Project Planning And Scheduling Using PERT And CPM Techniques

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  • INTERNATIONAL JOURNAL OF SCIENTIFIC & TECHNOLOGY RESEARCH VOLUME 4, ISSUE 08, AUGUST 2015 ISSN 2277-8616

    222 IJSTR2015 www.ijstr.org

    Project Planning And Scheduling Using PERT And CPM Techniques With Linear Programming:

    Case Study

    Wallace Agyei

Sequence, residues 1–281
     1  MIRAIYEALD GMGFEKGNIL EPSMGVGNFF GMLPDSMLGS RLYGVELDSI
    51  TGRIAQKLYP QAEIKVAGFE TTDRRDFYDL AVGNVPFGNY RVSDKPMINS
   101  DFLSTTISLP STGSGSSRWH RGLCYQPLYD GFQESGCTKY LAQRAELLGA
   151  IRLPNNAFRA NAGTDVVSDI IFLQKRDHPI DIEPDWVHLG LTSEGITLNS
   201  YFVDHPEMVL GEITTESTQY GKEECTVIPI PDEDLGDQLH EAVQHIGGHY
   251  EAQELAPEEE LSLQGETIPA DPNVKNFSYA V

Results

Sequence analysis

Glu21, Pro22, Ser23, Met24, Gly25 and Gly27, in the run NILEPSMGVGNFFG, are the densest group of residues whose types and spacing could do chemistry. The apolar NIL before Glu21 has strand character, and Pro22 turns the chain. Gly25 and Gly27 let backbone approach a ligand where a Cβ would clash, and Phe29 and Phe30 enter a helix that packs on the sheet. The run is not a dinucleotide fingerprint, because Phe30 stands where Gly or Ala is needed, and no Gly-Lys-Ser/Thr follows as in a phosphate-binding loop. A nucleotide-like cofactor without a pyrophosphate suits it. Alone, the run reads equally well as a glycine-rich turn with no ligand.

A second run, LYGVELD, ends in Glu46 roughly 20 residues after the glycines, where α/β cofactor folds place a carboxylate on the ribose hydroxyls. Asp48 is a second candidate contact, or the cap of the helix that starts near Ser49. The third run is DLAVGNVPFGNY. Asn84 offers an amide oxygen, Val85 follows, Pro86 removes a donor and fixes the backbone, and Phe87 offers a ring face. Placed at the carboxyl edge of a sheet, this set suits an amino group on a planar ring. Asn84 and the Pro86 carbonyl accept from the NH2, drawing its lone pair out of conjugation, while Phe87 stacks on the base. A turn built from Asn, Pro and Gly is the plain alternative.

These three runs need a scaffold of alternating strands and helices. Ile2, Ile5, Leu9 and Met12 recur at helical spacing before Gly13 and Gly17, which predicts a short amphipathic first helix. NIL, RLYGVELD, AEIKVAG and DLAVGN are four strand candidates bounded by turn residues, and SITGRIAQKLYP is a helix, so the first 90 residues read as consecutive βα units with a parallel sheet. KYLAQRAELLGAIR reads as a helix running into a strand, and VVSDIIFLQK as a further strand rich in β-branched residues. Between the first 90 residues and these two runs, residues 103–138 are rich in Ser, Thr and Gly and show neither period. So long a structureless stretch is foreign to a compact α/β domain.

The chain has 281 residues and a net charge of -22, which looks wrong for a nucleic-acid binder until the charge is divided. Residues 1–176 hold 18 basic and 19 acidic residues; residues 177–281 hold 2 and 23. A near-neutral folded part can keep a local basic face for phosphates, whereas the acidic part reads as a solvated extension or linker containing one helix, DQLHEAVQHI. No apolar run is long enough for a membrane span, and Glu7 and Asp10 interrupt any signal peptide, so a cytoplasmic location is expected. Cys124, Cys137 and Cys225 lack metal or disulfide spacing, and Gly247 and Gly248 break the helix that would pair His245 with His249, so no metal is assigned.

Abstract: Completing a project on time and within budget is not an easy task. Project planning and scheduling plays a central role in predicting both the time and cost aspects of a project. This study is aimed at finding trade-off between the cost and minimum expected time that will be required to complete the building project. The data on the cost and duration of activities involved were obtained Angel Estates and Construction Ltd., a construction company based in Ashanti region, Ghana. Both critical path method (CPM) and project evaluation and review technique (PERT) were used for the analysis. The activities underwent crashing of both the time and cost using linear programming, this paved way for the determination of critical path. Further analysis revealed that the shortest possible time for the completion of the analyzed building project is 40 days instead of the expected duration of 79 days. This means that through proper scheduling of activities, the expected completion time was reduced by 39 days. The additional cost associated with the reduction in timing is GH1,887.22 which increases the initial expected cost required to complete the project from GH57,156.35 to GH59,043.57. Keywords: Construction planning, Critical Path Method, Project Evaluation and Review Technique, Linear programming, crashing.